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#20FITEEN

December 16, 2014

According to Josh Shipp[1] in his interview with Rich Roll – “the path from helplessness to empowerment begins with understanding that:

  • Your imperfections are what make you human.
  • Your humanity is what makes you influential.”

Below is a summary of Torah Parsha (Portion) Mikeitz from www.chabad.org

Joseph’s imprisonment finally ends when Pharaoh dreams of seven fat cows that are swallowed up by seven lean cows, and of seven fat ears of grain swallowed by seven lean ears. Joseph interprets the dreams to mean that seven years of plenty will be followed by seven years of hunger, and advises Pharaoh to store grain during the plentiful years. Pharaoh appoints Joseph governor of Egypt. Joseph marries Asenath, daughter of Potiphar, and they have two sons, Manasseh and Ephraim.

Famine spreads throughout the region, and food can be obtained only in Egypt. Ten of Joseph’s brothers come to Egypt to purchase grain; the youngest, Benjamin, stays home, for Jacob fears for his safety. Joseph recognizes his brothers, but they do not recognize him; he accuses them of being spies, insists that they bring Benjamin to prove that they are who they say they are, and imprisons Simeon as a hostage. Later, they discover that the money they paid for their provisions has been mysteriously returned to them.

Jacob agrees to send Benjamin only after Judah assumes personal and eternal responsibility for him. This time Joseph receives them kindly, releases Simeon, and invites them to an eventful dinner at his home. But then he plants his silver goblet, purportedly imbued with magic powers, in Benjamin’s sack. When the brothers set out for home the next morning, they are pursued, searched, and arrested when the goblet is discovered. Joseph offers to set them free and retain only Benjamin as his slave.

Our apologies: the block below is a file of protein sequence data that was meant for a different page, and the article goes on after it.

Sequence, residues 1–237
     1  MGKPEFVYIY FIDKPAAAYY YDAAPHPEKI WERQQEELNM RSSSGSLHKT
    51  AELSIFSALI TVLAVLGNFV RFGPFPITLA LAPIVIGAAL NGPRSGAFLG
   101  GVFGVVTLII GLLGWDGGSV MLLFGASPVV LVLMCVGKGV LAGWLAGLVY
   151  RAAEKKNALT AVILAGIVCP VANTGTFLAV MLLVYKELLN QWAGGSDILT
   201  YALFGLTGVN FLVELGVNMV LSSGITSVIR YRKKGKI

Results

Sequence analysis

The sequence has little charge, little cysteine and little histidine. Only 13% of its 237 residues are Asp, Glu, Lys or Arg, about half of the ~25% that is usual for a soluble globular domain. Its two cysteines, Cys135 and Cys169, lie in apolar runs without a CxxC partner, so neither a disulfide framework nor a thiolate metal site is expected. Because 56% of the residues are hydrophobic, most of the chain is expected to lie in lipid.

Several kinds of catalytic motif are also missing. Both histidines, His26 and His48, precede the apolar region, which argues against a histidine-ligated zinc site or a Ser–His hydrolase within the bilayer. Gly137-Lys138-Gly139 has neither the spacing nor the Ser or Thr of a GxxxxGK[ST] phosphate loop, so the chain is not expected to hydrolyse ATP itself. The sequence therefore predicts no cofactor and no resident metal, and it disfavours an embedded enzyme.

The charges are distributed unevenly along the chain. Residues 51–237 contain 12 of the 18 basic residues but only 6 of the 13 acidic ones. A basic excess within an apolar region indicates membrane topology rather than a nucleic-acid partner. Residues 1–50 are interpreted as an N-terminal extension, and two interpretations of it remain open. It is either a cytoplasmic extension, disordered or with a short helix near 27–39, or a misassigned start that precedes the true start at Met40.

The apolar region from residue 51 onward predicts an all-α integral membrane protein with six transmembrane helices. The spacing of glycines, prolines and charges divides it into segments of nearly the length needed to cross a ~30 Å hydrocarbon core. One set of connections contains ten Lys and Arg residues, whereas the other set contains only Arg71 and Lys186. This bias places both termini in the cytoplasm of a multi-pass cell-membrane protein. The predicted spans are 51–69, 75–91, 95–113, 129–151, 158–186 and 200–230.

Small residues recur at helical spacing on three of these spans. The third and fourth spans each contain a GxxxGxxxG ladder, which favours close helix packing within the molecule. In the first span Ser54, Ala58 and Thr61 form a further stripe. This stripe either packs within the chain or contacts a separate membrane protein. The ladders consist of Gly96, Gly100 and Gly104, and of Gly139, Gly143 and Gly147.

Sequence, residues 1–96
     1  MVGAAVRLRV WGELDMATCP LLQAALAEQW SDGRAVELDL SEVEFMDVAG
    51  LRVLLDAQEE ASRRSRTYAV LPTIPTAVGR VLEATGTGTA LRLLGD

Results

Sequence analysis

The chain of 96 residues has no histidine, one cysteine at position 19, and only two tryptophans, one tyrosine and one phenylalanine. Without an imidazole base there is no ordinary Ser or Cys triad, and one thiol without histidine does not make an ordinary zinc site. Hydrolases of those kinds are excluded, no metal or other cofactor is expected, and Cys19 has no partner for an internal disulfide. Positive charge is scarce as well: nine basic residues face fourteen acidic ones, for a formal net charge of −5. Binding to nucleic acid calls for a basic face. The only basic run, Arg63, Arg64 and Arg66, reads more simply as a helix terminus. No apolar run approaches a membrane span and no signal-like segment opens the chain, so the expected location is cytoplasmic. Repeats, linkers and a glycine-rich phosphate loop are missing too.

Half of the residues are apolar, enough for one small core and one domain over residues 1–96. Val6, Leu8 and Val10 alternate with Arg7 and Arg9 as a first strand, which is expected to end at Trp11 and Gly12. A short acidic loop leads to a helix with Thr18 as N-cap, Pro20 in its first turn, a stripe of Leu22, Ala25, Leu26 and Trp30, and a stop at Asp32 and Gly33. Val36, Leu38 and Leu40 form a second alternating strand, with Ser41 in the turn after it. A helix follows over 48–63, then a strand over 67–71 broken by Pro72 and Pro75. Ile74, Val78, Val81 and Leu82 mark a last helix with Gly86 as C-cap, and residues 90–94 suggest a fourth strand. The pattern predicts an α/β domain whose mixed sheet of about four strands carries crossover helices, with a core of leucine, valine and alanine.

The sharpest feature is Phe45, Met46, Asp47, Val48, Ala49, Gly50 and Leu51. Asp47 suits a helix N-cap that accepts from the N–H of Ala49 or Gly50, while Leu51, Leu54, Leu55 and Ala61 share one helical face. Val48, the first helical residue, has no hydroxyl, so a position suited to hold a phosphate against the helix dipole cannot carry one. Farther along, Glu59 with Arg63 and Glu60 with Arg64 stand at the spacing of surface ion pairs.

2014-12-16 09.20.37With 2015 fast approaching, I thought I would do a blog on New Year Resolutions and making 2015 your fittest and healthiest year yet.

The first question is are New Year Resolutions or making changes possible?

From Rabbi Berrel Wein’s weekly Blog it would appear that making changes is very hard “..change is hard to come by, for the inertia of past events always weighs heavily upon the current drive for change. …, and King Solomon in Kohelet taught us that change is very difficult to obtain. He stated that “what was, is what will be,” in that human nature is pretty much unchangeable and that complete change is really an ephemeral and almost unattainable goal.”

But with this week being Chanukah I noticed a beautiful article by Rabbi Peretz Segal (or Perry) in the www.ohr.edu newsletter titled “CHANUKA Shedding New Light on Boredom” that paints a different picture. Rabbi Segal say – “Yet, in the inner chambers of the Jewish heart lies a “vial of oil”, too pure to be defiled and too powerful to be extinguished.” That says “light me”, inspire me by lighting the Chanukah candles to change. Yes I can change.